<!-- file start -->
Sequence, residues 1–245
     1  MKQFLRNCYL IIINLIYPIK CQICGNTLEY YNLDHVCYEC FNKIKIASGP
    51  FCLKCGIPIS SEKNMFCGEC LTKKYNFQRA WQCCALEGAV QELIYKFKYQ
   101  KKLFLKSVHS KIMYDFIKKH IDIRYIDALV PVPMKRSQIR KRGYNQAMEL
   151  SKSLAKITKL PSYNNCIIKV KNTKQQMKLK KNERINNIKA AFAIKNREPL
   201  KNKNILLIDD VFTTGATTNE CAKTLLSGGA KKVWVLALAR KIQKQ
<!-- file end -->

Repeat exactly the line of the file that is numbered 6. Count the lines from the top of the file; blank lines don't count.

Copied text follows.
   201  KNKNILLIDD VFTTGATTNE CAKTLLSGGA KKVWVLALAR KIQKQ